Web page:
Mobile lab gives students opportunity to work in real-life trauma simulations – Teachers Lucia Watson and Jonathan Tedeton-Johnson were excited for the opportunity to have the SIM Coach at their school, which was the first time the mobile simulation van visited a school in Horry County. Watson previously used some of Palmetto Health’s videos in class, and gave feedback online about a recent video. Thanks to her feedback, Palmetto Health offered to come to CHS. “We’re pretty thrilled,” Watson said. “Lots of students will get to be involved today.”
Medical simulation technology advancements on display at first SIM Expo in Calgary – For the first time in its eight years, the SIM Expo made its way to Calgary to showcase technological advancements designed to assist medical practitioners and students, and, by association, patients. “You’d be hard-pressed to find a medical school – in fact, I don’t think you would – in North America that isn’t transitioning to this mode of education,” explained Tim Willett, president and CEO of Simulation Canada. “It’s just increasing with the increasing expectations of having highly skilled practitioners, the increase in the complexity of skills you need from these practitioners, and the increasing demands of teamwork.” “We’re just seeing the use of simulation increase and increase, and it’s making education more effective and its making care safer.”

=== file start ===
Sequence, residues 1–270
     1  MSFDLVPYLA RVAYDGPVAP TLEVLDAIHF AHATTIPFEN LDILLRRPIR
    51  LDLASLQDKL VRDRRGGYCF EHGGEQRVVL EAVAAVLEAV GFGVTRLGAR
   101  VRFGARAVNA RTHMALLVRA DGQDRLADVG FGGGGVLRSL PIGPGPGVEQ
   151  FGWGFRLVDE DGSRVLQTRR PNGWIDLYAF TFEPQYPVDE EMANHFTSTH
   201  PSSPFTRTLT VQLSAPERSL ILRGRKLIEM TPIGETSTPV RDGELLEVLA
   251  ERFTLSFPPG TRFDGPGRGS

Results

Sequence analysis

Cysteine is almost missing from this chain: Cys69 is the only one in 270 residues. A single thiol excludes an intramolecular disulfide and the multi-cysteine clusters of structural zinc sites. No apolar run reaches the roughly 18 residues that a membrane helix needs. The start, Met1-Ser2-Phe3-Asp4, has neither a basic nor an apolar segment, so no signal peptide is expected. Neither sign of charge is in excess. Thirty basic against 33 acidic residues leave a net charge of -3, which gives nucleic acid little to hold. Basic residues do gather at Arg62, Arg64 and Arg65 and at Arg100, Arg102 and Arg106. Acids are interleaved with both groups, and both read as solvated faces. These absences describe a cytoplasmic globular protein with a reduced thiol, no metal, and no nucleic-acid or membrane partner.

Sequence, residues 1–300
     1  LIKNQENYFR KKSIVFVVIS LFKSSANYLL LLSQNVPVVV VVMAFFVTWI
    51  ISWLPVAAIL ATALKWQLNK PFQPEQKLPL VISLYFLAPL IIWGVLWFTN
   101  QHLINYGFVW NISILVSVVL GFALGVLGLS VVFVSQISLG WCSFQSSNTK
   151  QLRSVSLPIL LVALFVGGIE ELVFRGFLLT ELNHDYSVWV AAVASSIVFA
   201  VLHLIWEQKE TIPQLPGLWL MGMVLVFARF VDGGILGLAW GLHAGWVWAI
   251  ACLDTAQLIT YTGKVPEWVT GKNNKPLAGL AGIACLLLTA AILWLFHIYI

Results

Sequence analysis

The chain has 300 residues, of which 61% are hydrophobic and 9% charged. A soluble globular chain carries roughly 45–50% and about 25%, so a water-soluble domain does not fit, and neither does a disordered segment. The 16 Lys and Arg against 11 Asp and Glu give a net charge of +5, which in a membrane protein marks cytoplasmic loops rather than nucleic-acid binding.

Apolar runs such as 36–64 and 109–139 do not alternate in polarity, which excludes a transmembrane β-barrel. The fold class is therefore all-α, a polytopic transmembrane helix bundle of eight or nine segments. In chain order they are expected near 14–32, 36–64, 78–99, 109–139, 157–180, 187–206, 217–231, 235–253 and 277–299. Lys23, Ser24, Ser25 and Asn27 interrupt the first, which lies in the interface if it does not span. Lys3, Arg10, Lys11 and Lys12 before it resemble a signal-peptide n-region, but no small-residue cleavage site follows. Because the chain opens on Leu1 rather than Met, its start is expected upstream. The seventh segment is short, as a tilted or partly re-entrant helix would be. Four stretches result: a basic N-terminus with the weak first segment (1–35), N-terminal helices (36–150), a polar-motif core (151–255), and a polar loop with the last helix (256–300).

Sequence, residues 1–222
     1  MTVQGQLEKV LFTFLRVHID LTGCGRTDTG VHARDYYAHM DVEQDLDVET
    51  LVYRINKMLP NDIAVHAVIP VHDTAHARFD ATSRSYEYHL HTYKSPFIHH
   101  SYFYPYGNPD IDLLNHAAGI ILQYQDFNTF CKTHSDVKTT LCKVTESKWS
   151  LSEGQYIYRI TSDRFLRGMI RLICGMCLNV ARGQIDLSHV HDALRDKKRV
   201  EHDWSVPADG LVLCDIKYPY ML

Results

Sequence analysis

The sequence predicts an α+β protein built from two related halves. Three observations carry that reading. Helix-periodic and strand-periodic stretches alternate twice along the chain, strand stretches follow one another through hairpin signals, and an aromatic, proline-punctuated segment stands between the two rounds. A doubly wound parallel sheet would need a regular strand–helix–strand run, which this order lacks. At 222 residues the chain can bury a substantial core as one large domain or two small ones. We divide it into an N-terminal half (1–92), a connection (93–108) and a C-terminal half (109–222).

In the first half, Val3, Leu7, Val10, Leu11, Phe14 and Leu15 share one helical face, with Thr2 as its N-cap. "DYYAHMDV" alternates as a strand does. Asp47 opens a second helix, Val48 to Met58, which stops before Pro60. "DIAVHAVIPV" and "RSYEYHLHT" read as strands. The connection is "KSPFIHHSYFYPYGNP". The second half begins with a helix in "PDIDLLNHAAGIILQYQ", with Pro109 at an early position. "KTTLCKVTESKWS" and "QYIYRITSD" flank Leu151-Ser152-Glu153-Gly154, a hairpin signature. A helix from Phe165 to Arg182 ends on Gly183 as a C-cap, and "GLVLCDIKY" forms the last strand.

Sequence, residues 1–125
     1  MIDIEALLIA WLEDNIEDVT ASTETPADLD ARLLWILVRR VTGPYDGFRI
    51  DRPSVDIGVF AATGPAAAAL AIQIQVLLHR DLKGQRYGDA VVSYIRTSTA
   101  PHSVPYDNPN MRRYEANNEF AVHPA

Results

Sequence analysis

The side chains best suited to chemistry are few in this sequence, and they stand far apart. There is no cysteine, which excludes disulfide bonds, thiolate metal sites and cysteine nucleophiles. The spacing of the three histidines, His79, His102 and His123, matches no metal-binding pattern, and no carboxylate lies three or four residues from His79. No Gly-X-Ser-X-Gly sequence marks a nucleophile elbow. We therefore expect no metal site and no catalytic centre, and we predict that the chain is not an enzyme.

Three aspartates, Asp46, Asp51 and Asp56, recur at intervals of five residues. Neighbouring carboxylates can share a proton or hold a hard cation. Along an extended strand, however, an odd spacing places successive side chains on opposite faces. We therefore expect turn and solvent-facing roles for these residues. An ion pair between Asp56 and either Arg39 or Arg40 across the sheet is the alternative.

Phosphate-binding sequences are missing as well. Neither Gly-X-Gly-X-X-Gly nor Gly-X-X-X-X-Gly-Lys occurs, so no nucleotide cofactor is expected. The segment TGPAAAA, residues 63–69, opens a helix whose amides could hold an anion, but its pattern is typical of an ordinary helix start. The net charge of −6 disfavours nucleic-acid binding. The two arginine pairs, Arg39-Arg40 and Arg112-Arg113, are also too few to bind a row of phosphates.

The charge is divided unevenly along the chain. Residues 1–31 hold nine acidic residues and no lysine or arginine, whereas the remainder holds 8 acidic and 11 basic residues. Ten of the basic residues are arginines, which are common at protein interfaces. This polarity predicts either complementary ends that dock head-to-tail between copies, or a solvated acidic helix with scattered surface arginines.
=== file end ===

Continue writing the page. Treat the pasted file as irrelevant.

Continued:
New ‘buddy system’ of nurse education gets high marks from students – A new “buddy system” of nursing education — in which two students work together as one nurse to share ideas, set priorities and make clinical decisions for patient care in the “real world” of nursing — is effective, according to a study by Baylor University Louise Herrington School of Nursing in Dallas. Findings about the “Two Heads Are Better than One” nurse education strategy — dubbed 2HeadsR>1 for short and piloted by Louise Herrington School of Nursing in 2017 — are published in the Journal of Nursing Education. Read their submitted article about the program!